I haven't rushed home to place an order for Kindle, but to be honest, I am quite tempted. One thing is for certain though. If I do own a Kindle, it won't be with a pink cover!
But American photographer Jay Fine said he had been waiting 40 years to get the picture above, which captures the moment a lighning bolt appearing to strike the Statue of Liberty in New York.
It is hard to say whether the picture is worth the wait, but it is definitely a masterstroke.
I mean the shooting. Not the lightning.
And how about another two pictures of lightning below, one taken above the Acropolis in Athens, Greece, the other taken in Zurich?
I wonder how long the photographers had waited for these ones?
Ten lepers asked Jesus to have pity on them. They were all healed, but only one, a Samaritan, returned. He fell at the feet of Jesus and thanked him.
"Stand up and go," Jesus told the Samaritan. "Your faith has saved you."
It is obvious that whoever is in trouble, even those who suffered from the horrible disease of leprosy in the Biblical time, as long as he asks Jesus, he will be "healed". But if we then take the healing for granted and fail to remember God's grace and glorify or thank him, we are not truly "saved".
That gratitude, which Naaman in the first reading (2 Kings 5:14-17) also demonstrated when he returned and gave thanks to Elisha who had cleaned him of his leprosy, is the difference between being healed and being saved. Let us be like Naaman and take "two mule-loads of earth" back with us, as reminder of our gratitude to God.
"So why start my blog?
After all, I don't think I have that much to say.
I don't think I'd like anyone to know about me, or who I am.
I don't think I can keep it going.
But these are precisely the reasons for starting. I would like to put these ideas to test.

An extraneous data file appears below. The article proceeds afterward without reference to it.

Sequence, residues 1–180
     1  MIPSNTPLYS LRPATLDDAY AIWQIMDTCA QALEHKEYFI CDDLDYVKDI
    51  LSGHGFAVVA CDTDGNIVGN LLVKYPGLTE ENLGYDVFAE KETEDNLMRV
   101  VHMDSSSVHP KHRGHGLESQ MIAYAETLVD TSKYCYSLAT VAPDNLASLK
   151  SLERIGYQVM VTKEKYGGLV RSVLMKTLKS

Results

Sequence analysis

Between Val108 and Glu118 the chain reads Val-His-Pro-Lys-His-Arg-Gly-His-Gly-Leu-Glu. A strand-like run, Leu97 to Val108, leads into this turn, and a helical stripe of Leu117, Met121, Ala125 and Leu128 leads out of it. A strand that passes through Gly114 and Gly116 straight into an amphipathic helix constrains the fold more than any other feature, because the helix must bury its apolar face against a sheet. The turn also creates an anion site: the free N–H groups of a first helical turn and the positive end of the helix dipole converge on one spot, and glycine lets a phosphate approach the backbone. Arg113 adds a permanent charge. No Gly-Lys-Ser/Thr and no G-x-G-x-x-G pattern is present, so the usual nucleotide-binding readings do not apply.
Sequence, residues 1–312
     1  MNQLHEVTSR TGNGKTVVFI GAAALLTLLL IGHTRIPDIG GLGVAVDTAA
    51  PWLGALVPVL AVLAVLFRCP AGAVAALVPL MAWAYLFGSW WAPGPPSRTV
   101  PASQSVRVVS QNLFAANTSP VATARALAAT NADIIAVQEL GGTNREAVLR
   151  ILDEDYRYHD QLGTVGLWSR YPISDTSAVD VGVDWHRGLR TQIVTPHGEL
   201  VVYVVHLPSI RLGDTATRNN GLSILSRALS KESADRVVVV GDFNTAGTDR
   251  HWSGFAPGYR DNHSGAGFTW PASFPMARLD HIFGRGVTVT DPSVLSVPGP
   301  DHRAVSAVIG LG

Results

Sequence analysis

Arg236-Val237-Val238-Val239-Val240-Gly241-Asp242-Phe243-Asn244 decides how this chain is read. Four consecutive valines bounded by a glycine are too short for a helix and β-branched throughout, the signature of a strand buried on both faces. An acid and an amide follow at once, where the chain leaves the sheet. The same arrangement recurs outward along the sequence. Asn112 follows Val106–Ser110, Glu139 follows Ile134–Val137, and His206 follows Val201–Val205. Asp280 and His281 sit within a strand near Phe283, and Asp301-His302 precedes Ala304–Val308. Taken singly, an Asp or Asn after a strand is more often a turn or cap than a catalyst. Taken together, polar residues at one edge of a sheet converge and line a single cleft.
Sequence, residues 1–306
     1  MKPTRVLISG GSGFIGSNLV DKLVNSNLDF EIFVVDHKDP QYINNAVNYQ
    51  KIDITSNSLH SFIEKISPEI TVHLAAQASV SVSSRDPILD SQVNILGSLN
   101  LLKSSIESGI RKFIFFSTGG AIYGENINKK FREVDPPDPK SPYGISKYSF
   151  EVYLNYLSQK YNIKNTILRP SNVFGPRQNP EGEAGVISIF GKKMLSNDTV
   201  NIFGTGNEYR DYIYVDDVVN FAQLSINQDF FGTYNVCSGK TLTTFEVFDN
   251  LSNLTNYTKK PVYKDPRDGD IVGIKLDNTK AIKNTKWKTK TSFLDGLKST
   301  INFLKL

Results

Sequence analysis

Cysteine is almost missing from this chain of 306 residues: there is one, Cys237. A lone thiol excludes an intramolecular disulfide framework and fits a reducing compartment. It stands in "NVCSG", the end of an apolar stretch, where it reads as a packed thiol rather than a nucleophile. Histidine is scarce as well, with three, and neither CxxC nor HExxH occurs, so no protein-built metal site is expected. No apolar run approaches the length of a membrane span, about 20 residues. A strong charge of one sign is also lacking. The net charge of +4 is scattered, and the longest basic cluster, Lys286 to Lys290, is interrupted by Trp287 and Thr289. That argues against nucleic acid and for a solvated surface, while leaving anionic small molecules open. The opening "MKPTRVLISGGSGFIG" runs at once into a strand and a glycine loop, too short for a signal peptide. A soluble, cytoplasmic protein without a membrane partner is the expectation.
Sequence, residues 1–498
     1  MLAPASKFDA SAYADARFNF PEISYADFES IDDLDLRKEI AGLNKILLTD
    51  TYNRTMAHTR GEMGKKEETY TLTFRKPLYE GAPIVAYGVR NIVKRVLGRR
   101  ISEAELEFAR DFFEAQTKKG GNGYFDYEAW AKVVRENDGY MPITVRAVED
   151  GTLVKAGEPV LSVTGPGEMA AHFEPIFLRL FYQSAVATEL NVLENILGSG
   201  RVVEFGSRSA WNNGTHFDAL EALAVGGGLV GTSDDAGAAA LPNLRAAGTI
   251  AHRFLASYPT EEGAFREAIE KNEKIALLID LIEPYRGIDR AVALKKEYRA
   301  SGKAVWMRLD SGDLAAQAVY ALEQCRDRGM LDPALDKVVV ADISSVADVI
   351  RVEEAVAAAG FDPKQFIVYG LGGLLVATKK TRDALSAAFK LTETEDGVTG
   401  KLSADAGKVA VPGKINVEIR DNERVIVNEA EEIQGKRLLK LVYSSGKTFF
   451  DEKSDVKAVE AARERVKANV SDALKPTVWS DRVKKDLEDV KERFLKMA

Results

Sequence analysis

Maybe writing blogs is like the bubbles I blew in the water of the swimming pool this morning. There were lots of them - big ones, small ones.
They didn't go far.
And they didn't last.
But if you look more closely, each one has a world in it.
And they looked quite nice, in the water, under the sun.
So why not start blowing some bubbles, I mean blogs, here?"
There was another one that I started about four years ago, one for which I wrote a few entries. Sparingly. Back then I didn't have the determination to make a sustained effort. The only exception was when I went to Goa to attend the World Vegetarian Congress.
That blog was called "Cheval Sans Tête", which I named after my favourite French book Le Cheval Sans Tête by Paul Berna. was published as The Horse Without a Head (a literal translation) in the United States and A Hundred Million Francs in England.
It is only now, when I think about the names of my past and present blogs, that I see something very similar. "Faceless Book". "The Horse Without a Head". Very illustrative of how I prefer to be invisible.
In big countries, when people take pets on long domestic trips, they either drive them or fly them. Airlines usually provide options for pets to travel under seats or as cargo - with extra charges of course. In the US, doting pet owners who do not want their pets to travel in such undignified or uncomfortable ways can book them up on a flight with Pet Airways. Their pets may then be treated as valued "pawsengers". As they said in their creative slogans, they are "the first airline with four leg room" and "the first airline where pets fly in the main cabin, NOT in cargo". While on board, the pets get carriers tailored to their sizes, constant attention of the pet attendants and regular potty breaks. And they are available for pick up at the Pet Lounge at the destination 30 minutes after arrival.
Not a bad way to travel for our four-legged friends, huh?
The picture below shows an aircraft Pet Airways use for their flights. Make no mistake about the big puddle of water on the ground. It has absolutely nothing to do with the pets!